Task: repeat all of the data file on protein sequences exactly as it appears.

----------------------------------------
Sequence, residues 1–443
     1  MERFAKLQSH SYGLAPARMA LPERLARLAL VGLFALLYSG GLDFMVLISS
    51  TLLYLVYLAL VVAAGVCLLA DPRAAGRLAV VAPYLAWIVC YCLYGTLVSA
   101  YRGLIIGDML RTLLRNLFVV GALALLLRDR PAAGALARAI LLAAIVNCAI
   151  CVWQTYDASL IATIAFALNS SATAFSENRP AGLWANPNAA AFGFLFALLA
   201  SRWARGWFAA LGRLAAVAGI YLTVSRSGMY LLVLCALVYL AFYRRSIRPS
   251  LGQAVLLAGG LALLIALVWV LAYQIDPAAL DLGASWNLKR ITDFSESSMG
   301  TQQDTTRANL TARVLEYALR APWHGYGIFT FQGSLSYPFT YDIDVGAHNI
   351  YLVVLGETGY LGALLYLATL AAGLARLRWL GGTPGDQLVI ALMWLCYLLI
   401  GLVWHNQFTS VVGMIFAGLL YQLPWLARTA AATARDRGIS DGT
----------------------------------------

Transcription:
Sequence, residues 1–443
     1  MERFAKLQSH SYGLAPARMA LPERLARLAL VGLFALLYSG GLDFMVLISS
    51  TLLYLVYLAL VVAAGVCLLA DPRAAGRLAV VAPYLAWIVC YCLYGTLVSA
   101  YRGLIIGDML RTLLRNLFVV GALALLLRDR PAAGALARAI LLAAIVNCAI
   151  CVWQTYDASL IATIAFALNS SATAFSENRP AGLWANPNAA AFGFLFALLA
   201  SRWARGWFAA LGRLAAVAGI YLTVSRSGMY LLVLCALVYL AFYRRSIRPS
   251  LGQAVLLAGG LALLIALVWV LAYQIDPAAL DLGASWNLKR ITDFSESSMG
   301  TQQDTTRANL TARVLEYALR APWHGYGIFT FQGSLSYPFT YDIDVGAHNI
   351  YLVVLGETGY LGALLYLATL AAGLARLRWL GGTPGDQLVI ALMWLCYLLI
   401  GLVWHNQFTS VVGMIFAGLL YQLPWLARTA AATARDRGIS DGT